Special damages is compensation awarded to cover any financial losses and expenses you incur as a result of your injury or negligent medical treatment. These damages aim to put you back in the financial position you would have been in, had your injury not occurred.

Special damages will also cover your medical treatment expenses, that might include emergency care, burn care, eye protection and pain medication.

Read more:

A complete list of recoverable losses in a personal injury claim

What is the law regarding fireworks and bonfires?

A range of statutory controls are in place to protect people from fireworks, as well as the other dangers associated with Bonfire Night. These include The Firework (Safety) (Amendment) Regulations 2004 and the Fireworks Regulations 2004.

One of the main legal requirements is that adult' fireworks (categories 2 and 3) can only be purchased and used by persons 18 and over (category 4 only by professionals). During the bonfire period, fireworks can only be brought from registered sellers from 15 October to 10 November. In addition, Bonfire Night fireworks must not be set off between 12pm and 7am.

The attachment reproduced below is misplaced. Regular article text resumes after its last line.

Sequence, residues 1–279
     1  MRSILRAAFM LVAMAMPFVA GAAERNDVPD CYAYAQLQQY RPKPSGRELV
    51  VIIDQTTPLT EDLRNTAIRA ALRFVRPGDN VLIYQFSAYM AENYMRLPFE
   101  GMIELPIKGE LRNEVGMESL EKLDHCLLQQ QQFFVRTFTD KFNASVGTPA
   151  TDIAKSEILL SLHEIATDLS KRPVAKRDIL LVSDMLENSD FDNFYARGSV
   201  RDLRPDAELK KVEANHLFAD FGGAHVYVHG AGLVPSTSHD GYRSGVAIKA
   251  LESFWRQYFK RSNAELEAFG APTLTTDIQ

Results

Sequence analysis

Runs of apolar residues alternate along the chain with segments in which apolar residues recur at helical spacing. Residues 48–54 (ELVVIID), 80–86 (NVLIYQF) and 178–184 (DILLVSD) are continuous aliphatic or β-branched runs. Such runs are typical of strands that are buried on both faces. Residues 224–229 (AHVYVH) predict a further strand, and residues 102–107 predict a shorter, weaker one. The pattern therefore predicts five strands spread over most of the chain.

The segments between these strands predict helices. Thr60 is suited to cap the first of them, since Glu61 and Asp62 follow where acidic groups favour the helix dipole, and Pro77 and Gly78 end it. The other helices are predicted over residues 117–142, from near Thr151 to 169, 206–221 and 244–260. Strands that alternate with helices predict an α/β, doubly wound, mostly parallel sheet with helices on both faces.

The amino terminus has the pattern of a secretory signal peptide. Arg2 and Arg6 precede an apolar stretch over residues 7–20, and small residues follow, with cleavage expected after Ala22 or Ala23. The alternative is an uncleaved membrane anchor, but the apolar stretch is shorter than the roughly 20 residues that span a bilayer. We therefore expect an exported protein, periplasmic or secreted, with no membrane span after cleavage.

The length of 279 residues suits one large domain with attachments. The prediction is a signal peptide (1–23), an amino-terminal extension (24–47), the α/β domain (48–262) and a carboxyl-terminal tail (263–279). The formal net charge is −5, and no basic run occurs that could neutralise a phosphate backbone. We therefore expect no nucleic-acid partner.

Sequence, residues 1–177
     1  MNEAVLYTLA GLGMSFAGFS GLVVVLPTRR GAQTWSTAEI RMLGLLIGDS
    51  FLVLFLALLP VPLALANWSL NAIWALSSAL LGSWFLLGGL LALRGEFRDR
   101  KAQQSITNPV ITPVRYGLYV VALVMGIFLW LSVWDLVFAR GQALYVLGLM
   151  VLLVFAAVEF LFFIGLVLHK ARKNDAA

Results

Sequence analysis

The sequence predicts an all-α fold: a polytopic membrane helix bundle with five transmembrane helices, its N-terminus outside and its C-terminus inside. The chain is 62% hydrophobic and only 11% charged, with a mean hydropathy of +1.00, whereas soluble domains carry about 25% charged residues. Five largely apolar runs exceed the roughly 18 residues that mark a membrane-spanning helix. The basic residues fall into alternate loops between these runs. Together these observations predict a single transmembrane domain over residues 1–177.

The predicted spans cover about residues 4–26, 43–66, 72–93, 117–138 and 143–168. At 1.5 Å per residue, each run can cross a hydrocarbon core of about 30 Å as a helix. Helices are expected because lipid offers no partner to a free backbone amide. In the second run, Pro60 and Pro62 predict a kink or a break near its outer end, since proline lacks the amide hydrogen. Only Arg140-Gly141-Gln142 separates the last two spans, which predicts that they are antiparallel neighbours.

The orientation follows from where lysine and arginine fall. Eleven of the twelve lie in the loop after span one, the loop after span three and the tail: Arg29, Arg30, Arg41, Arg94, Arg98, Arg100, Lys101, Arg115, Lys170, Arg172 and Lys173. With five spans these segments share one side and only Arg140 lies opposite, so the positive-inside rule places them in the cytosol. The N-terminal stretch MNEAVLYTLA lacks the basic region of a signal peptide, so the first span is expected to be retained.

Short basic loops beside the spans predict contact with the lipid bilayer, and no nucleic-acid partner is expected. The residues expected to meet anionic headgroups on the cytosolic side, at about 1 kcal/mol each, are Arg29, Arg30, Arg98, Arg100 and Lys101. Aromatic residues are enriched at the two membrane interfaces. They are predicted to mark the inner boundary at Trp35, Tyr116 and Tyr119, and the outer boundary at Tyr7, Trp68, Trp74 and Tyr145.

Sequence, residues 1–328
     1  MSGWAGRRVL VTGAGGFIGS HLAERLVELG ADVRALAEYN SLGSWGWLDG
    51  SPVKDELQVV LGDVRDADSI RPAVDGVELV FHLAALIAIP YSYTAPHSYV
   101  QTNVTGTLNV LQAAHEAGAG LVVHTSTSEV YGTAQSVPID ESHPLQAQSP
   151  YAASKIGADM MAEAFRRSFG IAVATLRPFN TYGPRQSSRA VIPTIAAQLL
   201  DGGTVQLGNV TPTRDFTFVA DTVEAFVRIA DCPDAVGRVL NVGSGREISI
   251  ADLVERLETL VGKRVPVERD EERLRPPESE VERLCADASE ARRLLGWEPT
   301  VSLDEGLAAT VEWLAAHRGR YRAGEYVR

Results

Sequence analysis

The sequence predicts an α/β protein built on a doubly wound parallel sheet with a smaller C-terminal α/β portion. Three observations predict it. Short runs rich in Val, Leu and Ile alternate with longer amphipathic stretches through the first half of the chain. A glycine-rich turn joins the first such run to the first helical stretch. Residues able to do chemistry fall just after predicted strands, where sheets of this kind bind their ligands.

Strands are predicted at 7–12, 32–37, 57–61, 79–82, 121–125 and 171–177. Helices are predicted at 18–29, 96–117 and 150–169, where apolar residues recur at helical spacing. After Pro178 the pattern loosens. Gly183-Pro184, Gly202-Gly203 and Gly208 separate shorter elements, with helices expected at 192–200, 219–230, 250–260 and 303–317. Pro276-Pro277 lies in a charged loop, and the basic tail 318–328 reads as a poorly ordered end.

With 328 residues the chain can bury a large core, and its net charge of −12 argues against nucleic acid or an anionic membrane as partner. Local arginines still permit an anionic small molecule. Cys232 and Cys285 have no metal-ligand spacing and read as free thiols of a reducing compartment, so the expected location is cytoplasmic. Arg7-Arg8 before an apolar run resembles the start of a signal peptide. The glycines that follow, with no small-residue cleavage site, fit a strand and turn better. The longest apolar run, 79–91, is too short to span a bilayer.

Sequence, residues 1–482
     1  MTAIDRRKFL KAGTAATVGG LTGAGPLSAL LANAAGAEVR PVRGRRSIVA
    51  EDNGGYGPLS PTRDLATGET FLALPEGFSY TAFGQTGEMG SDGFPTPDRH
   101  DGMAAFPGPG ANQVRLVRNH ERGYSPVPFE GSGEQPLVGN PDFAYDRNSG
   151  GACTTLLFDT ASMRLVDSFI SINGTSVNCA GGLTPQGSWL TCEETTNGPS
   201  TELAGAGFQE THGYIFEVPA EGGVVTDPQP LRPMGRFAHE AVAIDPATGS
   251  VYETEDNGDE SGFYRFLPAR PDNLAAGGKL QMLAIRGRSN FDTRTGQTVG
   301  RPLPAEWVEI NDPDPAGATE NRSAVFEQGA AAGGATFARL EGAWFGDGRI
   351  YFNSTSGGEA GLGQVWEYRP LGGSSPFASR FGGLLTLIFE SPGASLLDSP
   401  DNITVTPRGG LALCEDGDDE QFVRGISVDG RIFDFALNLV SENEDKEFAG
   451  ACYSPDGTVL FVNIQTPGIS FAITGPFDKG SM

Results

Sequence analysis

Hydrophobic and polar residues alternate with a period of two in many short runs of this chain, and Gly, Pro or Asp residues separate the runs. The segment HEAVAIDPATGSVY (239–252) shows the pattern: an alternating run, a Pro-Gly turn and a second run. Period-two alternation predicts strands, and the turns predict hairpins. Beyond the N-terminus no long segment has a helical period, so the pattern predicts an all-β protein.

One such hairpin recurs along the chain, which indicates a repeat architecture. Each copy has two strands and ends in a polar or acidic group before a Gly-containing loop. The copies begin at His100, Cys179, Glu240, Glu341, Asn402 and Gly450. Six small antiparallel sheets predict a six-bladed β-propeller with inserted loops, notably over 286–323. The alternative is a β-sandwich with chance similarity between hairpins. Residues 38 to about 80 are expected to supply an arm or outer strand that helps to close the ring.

The Health and Safety Executive (HSE) has also published guidelines on holding private and public bonfire events. These offer advice on how to manage health and safety issues through organisation and planning. Key recommendations include:

  • Ensuring the display site is suitable, and includes separate areas with safe distances for spectators, fireworks and the bonfire display
  • Consideration of prevailing weather conditions, such as whether there will be strong winds and identification of overhead obstructions, such as power lines
  • Having adequate crowd control, emergency and first aid procedures in place
  • Not lighting the bonfire until after the fireworks display in case of stray sparks
  • Checking to make sure no-one is inside before lighting a bonfire

The Fireworks Code